Monticello, December 13, 1818.
I thank your Excellency for the notice with which your letters favor me, of the liberation of France from the occupation of the allied powers. To no one, not a native, will it give more pleasure. In the desolation of Europe, to gratify the atrocious caprices of Bonaparte, France sinned much; but she has suffered more than retaliation. Once relieved from the incubus of her late oppression, she will rise like a giant from her slumbers. Her soil and climate, her arts and eminent sciences, her central position and free Constitution, will soon make her greater than she ever was. And I am a false prophet, if she does not at some future day, remind of her sufferings those who have inflicted them the most eagerly. I hope, however, she will be quiet for the present, and risk no new troubles. Her Constitution, as now amended, gives as much of self-government as perhaps she can yet bear, and will give more, when the habits of order shall have prepared her to receive more. Besides the gratitude which every American owes her, as our sole ally during the War of Independence, I am additionally affectioned by the friendships I contracted there, by the good dispositions I witnessed, and by the courtesies I received.
I rejoice, as a moralist, at the prospect of a reduction of the duties on wine, by our national legislature. It is an error to view a tax on that liquor as merely a tax on the rich. It is a prohibition of its use to the middling class of our citizens, and a condemnation of them to the poison of whiskey, which is desolating their houses. No nation is drunken where wine is cheap; and none sober, where the dearness of wine substitutes ardent spirits as the common beverage. It is, in truth, the only antidote to the bane of whiskey. Fix but the duty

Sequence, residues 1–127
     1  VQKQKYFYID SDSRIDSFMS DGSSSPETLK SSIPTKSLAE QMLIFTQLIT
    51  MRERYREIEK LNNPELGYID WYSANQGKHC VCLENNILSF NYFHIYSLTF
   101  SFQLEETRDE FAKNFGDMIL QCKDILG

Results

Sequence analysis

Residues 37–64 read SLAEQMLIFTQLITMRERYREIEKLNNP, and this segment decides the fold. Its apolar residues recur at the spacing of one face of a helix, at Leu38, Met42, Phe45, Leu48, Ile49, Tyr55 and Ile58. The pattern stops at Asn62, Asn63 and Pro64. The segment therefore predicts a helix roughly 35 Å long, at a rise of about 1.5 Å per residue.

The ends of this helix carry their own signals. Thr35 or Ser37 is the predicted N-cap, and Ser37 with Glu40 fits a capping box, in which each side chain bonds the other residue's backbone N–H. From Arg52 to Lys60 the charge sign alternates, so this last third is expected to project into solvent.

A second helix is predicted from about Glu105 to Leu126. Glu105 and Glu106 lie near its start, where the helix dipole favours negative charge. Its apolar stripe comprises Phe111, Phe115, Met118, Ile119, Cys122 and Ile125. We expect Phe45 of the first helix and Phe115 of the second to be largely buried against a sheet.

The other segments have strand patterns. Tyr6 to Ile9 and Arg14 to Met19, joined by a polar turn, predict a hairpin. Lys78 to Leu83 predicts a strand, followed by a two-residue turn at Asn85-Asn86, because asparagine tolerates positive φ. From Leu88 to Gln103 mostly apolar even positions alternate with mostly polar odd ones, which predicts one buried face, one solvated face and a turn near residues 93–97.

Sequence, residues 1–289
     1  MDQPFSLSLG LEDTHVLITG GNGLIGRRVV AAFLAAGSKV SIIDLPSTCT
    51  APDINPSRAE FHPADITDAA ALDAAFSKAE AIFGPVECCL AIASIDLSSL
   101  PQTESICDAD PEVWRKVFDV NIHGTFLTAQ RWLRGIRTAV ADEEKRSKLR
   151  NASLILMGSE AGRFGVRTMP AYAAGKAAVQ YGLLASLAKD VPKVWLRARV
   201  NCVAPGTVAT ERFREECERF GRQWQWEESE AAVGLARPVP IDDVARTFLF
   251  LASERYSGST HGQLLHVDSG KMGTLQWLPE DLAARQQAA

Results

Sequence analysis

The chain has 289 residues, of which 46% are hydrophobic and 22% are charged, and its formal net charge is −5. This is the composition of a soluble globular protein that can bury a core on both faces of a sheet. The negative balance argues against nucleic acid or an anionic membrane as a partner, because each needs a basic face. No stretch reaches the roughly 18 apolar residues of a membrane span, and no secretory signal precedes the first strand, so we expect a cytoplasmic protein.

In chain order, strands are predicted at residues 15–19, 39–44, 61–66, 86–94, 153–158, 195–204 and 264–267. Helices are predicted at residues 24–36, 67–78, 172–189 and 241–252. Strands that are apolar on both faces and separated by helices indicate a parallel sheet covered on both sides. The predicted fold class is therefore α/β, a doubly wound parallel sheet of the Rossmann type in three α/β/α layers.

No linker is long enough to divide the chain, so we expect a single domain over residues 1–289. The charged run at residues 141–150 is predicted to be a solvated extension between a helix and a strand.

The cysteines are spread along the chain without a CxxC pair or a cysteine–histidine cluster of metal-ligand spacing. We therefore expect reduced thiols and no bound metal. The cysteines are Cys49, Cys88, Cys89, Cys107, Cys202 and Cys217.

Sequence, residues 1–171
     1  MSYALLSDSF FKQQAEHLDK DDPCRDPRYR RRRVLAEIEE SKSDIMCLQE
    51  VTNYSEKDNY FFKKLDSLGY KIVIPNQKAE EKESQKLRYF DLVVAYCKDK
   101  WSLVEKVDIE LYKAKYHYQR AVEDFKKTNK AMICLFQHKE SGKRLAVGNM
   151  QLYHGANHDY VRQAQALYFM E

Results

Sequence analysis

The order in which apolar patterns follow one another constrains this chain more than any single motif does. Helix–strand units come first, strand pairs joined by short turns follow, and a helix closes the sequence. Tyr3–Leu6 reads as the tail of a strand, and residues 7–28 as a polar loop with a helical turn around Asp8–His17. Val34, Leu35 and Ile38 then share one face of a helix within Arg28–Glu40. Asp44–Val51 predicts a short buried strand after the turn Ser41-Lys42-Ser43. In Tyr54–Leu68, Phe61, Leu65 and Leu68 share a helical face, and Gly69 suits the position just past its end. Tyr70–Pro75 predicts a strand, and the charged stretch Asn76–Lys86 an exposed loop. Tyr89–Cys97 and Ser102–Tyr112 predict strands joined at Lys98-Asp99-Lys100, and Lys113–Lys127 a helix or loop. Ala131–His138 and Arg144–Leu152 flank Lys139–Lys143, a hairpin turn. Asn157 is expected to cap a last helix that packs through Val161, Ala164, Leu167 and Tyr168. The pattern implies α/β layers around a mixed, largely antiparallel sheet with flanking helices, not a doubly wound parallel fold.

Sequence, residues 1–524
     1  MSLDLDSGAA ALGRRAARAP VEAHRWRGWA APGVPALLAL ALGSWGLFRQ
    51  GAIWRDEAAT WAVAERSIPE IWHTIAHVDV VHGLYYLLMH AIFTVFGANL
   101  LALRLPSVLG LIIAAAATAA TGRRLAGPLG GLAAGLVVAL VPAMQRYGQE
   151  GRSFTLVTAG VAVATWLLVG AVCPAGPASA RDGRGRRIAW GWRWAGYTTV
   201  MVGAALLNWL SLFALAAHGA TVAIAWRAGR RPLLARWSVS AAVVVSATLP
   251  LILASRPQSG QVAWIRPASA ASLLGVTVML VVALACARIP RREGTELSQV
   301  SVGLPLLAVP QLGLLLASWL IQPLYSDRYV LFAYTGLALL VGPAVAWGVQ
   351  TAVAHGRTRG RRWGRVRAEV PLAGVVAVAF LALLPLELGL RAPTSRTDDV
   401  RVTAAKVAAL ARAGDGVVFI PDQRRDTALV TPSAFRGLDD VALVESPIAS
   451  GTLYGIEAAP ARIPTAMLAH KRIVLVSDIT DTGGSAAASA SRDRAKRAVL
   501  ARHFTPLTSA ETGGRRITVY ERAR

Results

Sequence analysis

— page 2 —at the rate of other merchandise, and we can drink wine here as cheap as we do grog; and who will not prefer it? Its extended use will carry health and comfort to a much enlarged circle. Every one in easy circumstances (as the bulk of our citizens are) will prefer it to the poison to which they are now driven by their government. And the treasury itself will find that a penny apiece from a dozen, is more than a groat from a single one. This reformation, however, will require time. Our merchants know nothing of the infinite variety of cheap and good wines to be had in Europe; and particularly in France, in Italy, and the Grecian islands; as they know little also, of the variety of excellent manufactures and comforts to be had anywhere out of England. Nor will these things be known, nor of course called for here, until the native merchants of those countries, to whom they are known, shall bring them forward, exhibit and vend them at the moderate profits they can afford. This alone will procure them familiarity with us, and the preference they merit in competition with corresponding articles now in use.
Our family renew with pleasure their recollections of your kind visit to Monticello, and join me in tendering sincere assurances of the gratification it afforded us, and of our great esteem and respectful consideration.